Keenan is a proponent of leading by example and living by your values — two qualities he saw in many of his own role models, including the late Judges David Doyle and Samuel Zoll.

“I don’t just talk about that,” he says. “It’s how I’ve spent my life.”

He believes successful leaders are those who know how to surround themselves with people more talented and smarter than they are.

“I’m very rarely the smartest person in the room, and I appreciate that,” he says.

Being a leader also means making decisions without having all the information one might like.

“Review the best information available at the time, be decisive about it and move on,” he advises young professionals. “Have no regrets about it.”

A lifelong Salem resident whose family history in the city dates to the Salem Witch Trials, Keenan also encourages his students to be actively engaged in their communities.

Keenan sets an example as vice president of The Salem Partnership and as a director of the North Shore Chamber. He is also on the board of the Salem Award Foundation for Human Rights & Social Justice and on the North Shore Advisory Committee of the Anti-Defamation League.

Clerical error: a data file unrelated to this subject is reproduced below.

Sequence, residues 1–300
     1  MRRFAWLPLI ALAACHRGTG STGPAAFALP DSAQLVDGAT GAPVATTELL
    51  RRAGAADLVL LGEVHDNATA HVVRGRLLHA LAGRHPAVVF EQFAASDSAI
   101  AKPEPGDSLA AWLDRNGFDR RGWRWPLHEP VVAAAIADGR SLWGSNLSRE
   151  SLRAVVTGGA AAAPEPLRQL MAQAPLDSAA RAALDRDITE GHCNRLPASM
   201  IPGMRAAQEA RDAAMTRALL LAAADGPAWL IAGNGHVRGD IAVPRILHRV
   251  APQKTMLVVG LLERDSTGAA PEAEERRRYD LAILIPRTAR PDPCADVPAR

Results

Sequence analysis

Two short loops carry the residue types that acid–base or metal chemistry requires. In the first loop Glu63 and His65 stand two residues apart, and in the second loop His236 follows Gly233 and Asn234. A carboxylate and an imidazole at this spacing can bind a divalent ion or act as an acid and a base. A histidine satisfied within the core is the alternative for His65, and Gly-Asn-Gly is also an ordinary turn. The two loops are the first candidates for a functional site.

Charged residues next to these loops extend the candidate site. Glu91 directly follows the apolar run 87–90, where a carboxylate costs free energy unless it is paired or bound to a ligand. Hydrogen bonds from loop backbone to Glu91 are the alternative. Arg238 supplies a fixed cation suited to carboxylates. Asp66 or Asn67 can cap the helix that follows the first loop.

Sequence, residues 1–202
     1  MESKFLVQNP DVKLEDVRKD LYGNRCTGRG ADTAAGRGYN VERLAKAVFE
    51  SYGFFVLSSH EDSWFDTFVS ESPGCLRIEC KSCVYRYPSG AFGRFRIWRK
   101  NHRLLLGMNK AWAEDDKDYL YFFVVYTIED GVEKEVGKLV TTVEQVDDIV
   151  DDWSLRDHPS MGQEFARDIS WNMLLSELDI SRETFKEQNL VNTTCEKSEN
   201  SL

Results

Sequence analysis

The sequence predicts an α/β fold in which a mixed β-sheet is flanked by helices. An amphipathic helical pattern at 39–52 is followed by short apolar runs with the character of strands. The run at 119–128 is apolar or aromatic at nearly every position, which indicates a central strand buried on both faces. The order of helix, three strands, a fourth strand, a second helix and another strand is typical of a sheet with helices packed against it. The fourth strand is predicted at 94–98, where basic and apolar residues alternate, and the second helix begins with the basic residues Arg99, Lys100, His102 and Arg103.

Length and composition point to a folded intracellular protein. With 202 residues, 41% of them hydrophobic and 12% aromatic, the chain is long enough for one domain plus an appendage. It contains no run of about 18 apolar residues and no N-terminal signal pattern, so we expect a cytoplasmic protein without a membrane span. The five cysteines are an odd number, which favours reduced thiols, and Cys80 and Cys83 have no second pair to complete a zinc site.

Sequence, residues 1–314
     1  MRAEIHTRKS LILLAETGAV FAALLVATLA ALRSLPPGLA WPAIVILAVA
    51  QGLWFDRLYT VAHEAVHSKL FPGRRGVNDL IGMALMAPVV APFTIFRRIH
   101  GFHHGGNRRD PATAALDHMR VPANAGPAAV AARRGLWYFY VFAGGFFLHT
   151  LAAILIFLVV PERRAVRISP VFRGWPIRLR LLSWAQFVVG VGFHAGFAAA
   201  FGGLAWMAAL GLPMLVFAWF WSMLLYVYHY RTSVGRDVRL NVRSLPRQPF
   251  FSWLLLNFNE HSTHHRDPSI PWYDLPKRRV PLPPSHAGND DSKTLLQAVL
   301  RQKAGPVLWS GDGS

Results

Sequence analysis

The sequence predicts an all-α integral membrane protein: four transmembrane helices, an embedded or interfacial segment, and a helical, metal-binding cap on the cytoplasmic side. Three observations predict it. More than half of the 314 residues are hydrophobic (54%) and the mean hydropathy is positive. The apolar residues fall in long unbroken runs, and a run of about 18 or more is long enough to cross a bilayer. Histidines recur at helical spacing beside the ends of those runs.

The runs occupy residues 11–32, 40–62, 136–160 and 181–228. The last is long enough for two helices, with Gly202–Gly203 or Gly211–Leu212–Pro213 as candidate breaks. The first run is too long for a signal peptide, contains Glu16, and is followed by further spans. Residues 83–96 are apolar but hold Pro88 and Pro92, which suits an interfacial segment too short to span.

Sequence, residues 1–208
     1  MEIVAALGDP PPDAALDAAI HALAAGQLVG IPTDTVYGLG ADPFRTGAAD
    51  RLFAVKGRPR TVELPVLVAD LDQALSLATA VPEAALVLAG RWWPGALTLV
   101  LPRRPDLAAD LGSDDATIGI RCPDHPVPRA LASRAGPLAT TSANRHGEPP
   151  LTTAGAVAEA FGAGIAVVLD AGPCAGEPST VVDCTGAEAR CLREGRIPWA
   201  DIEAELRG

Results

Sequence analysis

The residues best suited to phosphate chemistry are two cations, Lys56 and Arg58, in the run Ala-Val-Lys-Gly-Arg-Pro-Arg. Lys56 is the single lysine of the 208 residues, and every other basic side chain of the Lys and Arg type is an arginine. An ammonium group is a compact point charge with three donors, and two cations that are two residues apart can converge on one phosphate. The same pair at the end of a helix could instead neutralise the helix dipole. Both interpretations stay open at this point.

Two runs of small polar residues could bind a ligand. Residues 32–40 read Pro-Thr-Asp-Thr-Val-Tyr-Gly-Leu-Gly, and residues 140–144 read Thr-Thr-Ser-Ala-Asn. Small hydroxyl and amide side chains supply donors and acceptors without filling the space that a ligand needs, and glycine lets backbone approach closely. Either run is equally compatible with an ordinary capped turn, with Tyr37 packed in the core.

Inspired by his mother, who passed away from lung cancer at the age of 56, Keenan also participated in the PanMass Challenge for 26 years, raising over $160,000 for the Dana-Farber Cancer Institute.

Keenan says it’s the honor of his life to be leading Salem State, which he calls “the great equalizer” because it provides a trajectory for success to anyone who chooses to further their education.

“Find what you enjoy doing and it’s not like going to work,” he says. “I truly love what I do.” I — Sonya Vartabedian, The Chamber

‘Find what you’re passionate about and commit to it’


Jim Rudolph borrows from Sir Winston Churchill’s words when he reflects on his career. “You make a living by what you get,” Rudolph says in quoting the British statesman. “But you can make a difference by what you give.”

All through his life, Rudolph has supported causes and organizations he believes in — from his alma mater, The Governor’s Academy in Byfield, of which he is board vice president; to the Massachusetts Commission Against Discrimination and the Anti-Defamation League.